A working paper by UC Berkeley faculty and graduates of the Energy and Resources Group, or ERG, suggested that Northern California will need to accelerate its current electric distribution infrastructure upgrades to meet the state’s clean energy goals and rising demand for heating electrification and electric vehicle, or EV, adoption.
Using data sourced from the California Energy Commission, California Public Utility Commission and PG&E, the paper outlined current local electric distribution infrastructure to understand the influences of demand for electricity and what the current distribution grid can supply, according to Salma Elmallah, a co-author, ERG doctoral candidate and a graduate student research assistant at Lawrence Berkeley National Laboratory.
“We wanted to understand how distribution systems, which are the last mile of our electricity grid, need to be upgraded in order to meet our most ambitious goals for making our residential electricity loads electrified and therefore lower carbon,” said campus associate professor of energy and resources Duncan Callaway.
According to the paper, researchers estimated an additional $1 billion increase in PG&E’s costs to properly address a growing power draw. Additionally, Callaway noted the need to address labor utility workforce and supply chain constraints is essential to successfully electrify power systems.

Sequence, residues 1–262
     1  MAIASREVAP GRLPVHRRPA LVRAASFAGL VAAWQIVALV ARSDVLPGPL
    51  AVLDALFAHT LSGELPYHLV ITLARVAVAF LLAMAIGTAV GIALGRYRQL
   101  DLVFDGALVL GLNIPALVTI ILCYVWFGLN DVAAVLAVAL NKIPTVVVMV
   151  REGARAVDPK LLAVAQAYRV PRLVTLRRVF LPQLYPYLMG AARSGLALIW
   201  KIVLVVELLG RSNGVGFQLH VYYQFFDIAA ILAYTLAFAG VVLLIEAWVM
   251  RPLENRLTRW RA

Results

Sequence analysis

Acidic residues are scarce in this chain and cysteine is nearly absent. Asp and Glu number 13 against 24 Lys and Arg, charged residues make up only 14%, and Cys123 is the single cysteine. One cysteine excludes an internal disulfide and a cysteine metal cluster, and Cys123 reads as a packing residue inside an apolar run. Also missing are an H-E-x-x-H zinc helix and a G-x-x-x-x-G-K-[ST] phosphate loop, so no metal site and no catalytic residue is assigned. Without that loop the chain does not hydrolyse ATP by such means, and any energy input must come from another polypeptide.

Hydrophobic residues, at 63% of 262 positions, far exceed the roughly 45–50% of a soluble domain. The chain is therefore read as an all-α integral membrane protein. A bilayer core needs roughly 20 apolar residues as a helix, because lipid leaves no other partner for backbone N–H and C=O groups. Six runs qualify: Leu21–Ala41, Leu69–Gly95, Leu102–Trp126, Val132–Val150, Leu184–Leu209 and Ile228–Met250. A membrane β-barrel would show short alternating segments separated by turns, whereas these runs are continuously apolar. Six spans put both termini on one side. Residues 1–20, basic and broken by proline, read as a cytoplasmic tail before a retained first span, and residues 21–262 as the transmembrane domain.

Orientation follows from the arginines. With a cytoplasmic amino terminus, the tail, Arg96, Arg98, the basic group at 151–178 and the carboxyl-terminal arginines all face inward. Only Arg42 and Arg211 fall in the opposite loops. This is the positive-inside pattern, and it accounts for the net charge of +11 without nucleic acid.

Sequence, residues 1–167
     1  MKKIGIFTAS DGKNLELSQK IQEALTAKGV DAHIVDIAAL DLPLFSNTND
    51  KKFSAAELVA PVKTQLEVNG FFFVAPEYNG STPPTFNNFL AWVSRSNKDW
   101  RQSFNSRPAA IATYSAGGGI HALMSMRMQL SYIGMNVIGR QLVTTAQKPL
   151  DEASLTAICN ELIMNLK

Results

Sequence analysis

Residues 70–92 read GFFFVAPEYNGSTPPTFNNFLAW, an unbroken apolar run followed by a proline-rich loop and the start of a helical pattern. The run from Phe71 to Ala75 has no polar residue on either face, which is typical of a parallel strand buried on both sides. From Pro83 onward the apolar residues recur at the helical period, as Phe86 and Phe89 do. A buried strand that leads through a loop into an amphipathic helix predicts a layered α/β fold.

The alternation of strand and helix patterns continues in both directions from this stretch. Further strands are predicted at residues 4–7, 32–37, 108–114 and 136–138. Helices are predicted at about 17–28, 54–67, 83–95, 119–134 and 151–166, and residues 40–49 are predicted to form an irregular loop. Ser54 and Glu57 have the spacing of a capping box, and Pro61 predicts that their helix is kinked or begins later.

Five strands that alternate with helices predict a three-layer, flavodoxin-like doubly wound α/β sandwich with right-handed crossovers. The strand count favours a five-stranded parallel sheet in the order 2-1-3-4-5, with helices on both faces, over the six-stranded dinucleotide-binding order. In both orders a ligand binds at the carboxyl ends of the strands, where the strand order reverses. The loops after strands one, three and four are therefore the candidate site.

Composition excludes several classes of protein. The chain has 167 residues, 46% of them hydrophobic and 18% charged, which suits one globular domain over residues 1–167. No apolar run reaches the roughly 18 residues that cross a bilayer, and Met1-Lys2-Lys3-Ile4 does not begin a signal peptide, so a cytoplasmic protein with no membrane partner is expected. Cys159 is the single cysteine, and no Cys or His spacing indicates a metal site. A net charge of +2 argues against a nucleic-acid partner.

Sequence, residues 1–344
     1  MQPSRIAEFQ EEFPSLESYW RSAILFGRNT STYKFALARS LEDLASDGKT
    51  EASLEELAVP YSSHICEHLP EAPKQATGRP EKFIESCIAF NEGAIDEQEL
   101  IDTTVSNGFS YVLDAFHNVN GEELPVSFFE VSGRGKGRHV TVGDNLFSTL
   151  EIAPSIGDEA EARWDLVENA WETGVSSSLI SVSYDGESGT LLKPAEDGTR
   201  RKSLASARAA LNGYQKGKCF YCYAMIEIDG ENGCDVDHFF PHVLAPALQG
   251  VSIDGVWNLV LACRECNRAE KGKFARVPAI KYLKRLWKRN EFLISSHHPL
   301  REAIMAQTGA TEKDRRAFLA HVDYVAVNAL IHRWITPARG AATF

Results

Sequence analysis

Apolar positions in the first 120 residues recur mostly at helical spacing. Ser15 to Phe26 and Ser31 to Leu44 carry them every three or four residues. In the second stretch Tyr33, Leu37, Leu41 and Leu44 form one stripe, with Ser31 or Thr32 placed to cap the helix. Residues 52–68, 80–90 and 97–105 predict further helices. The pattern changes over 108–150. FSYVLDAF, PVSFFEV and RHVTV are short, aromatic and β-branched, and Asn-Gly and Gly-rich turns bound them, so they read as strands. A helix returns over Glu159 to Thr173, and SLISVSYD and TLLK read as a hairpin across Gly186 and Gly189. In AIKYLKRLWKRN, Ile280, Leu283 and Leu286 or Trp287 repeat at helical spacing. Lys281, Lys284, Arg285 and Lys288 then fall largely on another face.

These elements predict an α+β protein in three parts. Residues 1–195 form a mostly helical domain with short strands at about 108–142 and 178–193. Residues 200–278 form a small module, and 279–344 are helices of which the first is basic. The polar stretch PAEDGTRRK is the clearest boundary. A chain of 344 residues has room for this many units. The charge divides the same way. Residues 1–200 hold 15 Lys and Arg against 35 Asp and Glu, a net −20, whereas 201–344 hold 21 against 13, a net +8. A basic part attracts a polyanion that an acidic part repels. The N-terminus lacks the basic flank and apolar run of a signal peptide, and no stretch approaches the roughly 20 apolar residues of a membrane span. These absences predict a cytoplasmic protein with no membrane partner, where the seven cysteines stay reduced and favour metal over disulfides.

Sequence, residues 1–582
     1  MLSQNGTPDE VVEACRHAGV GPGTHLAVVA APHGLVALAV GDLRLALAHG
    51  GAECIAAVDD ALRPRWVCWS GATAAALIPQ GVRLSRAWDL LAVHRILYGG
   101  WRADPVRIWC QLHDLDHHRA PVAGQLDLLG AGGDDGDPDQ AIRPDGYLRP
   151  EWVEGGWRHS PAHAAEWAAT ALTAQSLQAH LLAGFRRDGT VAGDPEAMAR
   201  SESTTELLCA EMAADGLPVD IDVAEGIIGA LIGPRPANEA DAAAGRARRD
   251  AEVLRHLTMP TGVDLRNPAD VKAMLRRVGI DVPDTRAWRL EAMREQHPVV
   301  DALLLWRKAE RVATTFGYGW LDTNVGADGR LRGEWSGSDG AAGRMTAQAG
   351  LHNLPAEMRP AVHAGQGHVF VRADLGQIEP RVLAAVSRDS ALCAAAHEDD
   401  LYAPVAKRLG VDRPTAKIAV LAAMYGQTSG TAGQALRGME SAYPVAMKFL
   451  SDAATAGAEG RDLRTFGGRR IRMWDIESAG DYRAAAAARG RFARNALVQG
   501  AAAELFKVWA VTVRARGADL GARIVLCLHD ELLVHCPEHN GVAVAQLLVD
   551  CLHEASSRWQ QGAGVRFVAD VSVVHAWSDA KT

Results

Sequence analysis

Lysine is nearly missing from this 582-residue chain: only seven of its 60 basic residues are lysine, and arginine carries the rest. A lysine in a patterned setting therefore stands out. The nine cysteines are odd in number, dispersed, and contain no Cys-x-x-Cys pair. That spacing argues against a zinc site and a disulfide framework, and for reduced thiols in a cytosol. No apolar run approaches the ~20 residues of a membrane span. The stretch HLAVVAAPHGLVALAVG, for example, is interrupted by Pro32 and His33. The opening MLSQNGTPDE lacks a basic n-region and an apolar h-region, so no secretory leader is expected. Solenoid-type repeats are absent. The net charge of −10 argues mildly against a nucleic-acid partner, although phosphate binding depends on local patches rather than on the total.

The paper evaluated how electricity usage fluctuates depending on location or time of day, according to Elmallah. For example, Elmallah noted that electricity usage can change depending on the need for electric heating in colder climates or differences in usage between day or night in homes.
In addition, Callaway mentions how since California’s clean energy portfolio “tilts strongly” toward solar energy, if EV owners were to charge their vehicles during the day at commercial charging sites rather at home at night, they would both source clean energy and cut costs on upgrading infrastructure.
“I hope that our research prompts these inquiries more broadly – now that we know that we will need added, accelerated investment in our electricity distribution system, what’s our next step?” Elmallah said in an email.
Meredith Fowlie, a professor in the department of agricultural and resource economics and faculty director at the Energy Institute at Haas, published a blog post for the Energy Institute referencing the paper’s findings.
She said the paper was one of the first to analyze how to reduce the state’s carbon footprint by improving the state’s electricity distribution system.
“Understanding what it’s going to cost the distribution system to accommodate increased demand induced by electrification and other forces is really important as we start to chart the course to decarbonizing the power system and decarbonizing the economy,” Fowlie said.